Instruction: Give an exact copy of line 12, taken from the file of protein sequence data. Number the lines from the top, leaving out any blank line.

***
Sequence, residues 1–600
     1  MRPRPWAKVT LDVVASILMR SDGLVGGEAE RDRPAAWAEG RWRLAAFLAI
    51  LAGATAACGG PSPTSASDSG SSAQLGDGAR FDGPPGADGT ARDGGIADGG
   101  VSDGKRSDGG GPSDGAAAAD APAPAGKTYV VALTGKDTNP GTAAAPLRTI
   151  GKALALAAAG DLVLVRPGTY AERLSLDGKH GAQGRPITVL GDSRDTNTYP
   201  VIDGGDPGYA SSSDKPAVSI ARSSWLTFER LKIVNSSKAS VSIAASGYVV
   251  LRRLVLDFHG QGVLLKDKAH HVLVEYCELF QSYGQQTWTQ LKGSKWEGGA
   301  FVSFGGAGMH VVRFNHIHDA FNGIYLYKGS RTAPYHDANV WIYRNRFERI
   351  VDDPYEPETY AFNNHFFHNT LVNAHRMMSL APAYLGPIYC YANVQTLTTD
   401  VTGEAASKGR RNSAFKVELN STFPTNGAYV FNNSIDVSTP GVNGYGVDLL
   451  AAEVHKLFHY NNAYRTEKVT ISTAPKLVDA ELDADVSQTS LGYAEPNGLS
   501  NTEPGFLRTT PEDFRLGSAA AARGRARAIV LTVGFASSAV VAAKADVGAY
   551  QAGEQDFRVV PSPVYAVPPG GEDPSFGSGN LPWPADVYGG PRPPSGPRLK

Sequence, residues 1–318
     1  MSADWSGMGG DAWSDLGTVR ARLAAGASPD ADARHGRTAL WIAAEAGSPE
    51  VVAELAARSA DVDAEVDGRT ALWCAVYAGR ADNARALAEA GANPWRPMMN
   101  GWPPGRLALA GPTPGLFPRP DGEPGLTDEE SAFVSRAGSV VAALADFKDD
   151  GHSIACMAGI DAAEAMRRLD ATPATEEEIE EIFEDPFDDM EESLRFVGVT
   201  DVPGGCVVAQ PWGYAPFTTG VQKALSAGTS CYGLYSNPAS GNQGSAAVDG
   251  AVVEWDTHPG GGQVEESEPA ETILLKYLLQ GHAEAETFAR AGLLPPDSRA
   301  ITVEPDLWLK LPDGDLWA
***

   501  NTEPGFLRTT PEDFRLGSAA AARGRARAIV LTVGFASSAV VAAKADVGAY